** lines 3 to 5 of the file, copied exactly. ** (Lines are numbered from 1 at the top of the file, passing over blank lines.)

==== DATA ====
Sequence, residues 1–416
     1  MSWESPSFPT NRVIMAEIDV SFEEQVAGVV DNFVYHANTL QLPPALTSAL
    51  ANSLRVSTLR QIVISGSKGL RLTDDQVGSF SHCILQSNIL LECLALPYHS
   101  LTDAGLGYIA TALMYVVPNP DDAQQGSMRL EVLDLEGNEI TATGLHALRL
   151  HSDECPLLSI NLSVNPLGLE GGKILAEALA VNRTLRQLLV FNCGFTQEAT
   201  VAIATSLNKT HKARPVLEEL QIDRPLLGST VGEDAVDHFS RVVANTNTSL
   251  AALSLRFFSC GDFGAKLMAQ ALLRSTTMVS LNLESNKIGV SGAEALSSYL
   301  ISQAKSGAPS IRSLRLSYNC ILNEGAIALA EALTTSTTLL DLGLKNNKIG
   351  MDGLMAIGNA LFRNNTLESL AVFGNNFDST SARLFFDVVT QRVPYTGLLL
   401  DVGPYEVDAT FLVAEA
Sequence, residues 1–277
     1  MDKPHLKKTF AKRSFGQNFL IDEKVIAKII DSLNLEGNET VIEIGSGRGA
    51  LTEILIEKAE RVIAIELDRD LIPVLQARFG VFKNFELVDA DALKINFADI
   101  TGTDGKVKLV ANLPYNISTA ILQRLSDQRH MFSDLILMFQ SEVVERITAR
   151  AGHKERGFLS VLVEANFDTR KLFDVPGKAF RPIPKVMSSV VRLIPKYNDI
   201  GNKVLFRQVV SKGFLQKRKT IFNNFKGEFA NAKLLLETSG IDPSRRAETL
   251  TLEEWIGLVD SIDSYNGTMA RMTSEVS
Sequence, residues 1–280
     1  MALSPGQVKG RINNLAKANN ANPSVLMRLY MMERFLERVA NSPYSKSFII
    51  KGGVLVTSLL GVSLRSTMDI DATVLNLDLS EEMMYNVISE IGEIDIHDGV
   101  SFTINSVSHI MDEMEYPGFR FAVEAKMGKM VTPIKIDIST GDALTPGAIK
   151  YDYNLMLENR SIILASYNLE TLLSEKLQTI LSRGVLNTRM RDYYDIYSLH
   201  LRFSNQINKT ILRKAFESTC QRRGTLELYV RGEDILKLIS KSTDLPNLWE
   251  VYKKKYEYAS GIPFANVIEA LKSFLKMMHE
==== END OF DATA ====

    51  ANSLRVSTLR QIVISGSKGL RLTDDQVGSF SHCILQSNIL LECLALPYHS
   101  LTDAGLGYIA TALMYVVPNP DDAQQGSMRL EVLDLEGNEI TATGLHALRL
   151  HSDECPLLSI NLSVNPLGLE GGKILAEALA VNRTLRQLLV FNCGFTQEAT